METHODS: Sixty (American Society of Anesthesiologists physical status I–III) patients scheduled to undergo EBUS-TBNA under MAC were randomized to receive either remifentanil (0.5 µg/kg IV bolus) in 10 minutes, followed by 0.05–0.25 µg/kg/min, or dexmedetomidine (0.4 µg/kg IV bolus) in 10 minutes, followed by 0.5–1.0 µg/kg/h. The primary outcome was the number of major respiratory adverse events (bradypnea, apnea, or hypoxia). The secondary outcomes included hemodynamic variables, discharge time from the postanesthesia care unit, endotracheal lidocaine use, patient’s sedation using the Observer Assessment of Alertness/Sedation Scale, operative conditions, operator and patient satisfaction, pain, coughing, vocal cord mobility, recall, and nausea/vomiting.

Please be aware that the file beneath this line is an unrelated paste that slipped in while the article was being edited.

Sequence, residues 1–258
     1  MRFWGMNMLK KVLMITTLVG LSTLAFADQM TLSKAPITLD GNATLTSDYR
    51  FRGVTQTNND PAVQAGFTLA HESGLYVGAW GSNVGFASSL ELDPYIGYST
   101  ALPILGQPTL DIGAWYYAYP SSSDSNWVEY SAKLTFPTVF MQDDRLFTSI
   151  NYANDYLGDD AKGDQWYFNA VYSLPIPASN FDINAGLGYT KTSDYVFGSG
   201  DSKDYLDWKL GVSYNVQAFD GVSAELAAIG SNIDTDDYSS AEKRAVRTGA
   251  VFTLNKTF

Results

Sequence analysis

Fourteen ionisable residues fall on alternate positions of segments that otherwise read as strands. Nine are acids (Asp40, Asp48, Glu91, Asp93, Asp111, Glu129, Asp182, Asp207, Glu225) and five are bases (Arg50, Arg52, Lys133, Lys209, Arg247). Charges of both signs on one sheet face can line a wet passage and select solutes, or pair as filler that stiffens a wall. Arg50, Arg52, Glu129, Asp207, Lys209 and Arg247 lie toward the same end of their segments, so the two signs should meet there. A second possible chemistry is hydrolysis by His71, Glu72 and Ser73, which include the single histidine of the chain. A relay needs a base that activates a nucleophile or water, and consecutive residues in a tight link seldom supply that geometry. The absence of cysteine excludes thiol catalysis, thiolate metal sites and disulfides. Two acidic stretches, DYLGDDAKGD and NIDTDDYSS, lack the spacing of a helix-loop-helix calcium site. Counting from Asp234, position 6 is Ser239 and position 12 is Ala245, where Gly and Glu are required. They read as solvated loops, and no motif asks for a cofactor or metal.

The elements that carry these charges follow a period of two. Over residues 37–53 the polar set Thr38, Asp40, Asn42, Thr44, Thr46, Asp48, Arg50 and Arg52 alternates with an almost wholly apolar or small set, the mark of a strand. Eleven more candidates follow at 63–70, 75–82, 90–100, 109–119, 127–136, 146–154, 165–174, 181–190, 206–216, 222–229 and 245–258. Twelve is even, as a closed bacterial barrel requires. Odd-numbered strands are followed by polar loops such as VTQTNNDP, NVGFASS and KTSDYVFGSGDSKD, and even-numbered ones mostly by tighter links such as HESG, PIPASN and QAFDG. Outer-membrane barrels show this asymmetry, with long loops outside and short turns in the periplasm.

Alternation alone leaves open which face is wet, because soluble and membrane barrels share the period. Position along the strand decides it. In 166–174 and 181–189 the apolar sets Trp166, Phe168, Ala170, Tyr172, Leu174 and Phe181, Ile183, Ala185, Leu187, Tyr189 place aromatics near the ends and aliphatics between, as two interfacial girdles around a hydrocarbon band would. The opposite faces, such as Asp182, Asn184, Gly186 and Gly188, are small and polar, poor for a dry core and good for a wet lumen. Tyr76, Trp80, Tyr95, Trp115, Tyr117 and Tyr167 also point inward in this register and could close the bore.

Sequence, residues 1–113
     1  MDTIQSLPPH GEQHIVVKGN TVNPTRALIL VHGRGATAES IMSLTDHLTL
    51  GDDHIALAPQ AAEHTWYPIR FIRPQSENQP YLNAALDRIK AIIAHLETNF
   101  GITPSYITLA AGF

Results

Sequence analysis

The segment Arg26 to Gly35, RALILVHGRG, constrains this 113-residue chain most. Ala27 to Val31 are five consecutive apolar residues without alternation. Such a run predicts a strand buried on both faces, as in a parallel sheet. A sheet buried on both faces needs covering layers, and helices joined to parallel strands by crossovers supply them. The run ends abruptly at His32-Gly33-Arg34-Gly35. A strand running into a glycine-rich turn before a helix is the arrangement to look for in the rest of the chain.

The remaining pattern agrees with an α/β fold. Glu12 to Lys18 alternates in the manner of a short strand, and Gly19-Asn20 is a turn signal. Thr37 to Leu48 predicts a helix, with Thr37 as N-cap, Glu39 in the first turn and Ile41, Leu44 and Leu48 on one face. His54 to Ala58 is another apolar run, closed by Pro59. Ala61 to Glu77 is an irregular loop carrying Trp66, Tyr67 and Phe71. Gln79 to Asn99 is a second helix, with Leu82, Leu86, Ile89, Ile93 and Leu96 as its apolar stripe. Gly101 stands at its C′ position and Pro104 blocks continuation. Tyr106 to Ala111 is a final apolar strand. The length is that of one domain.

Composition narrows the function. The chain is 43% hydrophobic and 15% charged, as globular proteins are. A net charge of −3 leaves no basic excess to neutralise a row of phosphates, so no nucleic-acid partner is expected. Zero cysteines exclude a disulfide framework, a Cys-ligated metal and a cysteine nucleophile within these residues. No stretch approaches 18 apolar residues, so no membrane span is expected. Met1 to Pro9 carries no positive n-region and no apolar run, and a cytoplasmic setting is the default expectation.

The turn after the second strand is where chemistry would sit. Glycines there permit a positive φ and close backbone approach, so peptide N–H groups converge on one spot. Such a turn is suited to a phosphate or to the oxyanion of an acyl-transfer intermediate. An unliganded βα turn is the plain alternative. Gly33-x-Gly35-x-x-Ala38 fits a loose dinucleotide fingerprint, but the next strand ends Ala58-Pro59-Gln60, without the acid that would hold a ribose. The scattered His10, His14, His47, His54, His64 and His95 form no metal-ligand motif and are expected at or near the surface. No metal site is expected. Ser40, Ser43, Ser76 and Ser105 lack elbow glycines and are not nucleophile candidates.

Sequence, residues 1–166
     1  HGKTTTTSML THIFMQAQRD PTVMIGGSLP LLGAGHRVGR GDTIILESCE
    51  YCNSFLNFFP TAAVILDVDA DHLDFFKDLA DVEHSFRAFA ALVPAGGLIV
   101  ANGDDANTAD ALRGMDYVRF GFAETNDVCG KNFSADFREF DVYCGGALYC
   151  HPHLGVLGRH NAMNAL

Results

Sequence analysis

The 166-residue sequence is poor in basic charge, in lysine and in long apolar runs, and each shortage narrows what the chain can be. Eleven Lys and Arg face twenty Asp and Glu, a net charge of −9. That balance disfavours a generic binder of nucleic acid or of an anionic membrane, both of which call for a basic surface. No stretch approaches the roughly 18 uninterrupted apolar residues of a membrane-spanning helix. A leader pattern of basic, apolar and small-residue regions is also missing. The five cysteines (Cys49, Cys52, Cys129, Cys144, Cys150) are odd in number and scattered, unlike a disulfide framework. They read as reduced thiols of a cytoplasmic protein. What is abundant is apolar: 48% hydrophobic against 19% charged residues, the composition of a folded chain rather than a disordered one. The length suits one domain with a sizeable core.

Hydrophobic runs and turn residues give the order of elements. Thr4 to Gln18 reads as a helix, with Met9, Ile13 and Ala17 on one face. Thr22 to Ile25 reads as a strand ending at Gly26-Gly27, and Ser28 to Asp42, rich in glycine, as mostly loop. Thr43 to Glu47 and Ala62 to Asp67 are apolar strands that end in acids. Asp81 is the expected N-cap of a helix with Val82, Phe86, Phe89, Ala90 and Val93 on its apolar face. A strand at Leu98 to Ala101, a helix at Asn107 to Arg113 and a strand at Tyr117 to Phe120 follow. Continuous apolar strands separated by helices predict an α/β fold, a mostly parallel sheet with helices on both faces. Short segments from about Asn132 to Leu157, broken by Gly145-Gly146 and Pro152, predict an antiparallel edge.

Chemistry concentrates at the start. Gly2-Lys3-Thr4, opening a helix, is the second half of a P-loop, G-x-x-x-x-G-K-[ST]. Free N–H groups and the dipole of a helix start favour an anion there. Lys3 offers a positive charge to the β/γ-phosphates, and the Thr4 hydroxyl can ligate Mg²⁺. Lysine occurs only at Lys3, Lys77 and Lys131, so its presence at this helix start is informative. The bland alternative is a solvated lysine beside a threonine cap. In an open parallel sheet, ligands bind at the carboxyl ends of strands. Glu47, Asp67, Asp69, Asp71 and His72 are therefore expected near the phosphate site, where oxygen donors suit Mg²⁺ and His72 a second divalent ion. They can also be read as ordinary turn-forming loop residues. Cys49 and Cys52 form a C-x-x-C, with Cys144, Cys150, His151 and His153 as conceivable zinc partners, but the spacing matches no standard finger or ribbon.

RESULTS: Dexmedetomidine produced significantly fewer episodes of major respiratory events (bradypnea, apnea, or desaturation), with 0 [0–0.5] episodes versus 2 [0–5] (median [interquartile range]) (P = .001), than did remifentanil. Fewer episodes of bradypnea or apnea (dexmedetomidine: 0 [0–0] versus remifentanil: 0 [0–0.5]; P = .031), and fewer episodes of desaturation (dexmedetomidine: 0 [0–0.5] versus remifentanil: 1 [0–4]; P = .039) were recorded in the dexmedetomidine group. The time needed for patients to meet postanesthesia care unit discharge criteria (Aldrete score: 9) after EBUS-TBNA was longer in the dexmedetomidine group (10 [3–37.5] minutes) versus the remifentanil group (3 [3–5] minutes) (P < .001). No differences were observed in the 2 groups for sedation depth (Observer Assessment of Alertness/Sedation Scale), endotracheal lidocaine use, operative conditions, operator and patient satisfaction, pain, coughing, vocal cord mobility, recall, and nausea/vomiting episodes.
CONCLUSIONS: Dexmedetomidine resulted in fewer respiratory adverse events during EBUS-TBNA under MAC, when compared to remifentanil, with no difference in overall operative conditions. However, dexmedetomidine use was associated with delayed postoperative discharge.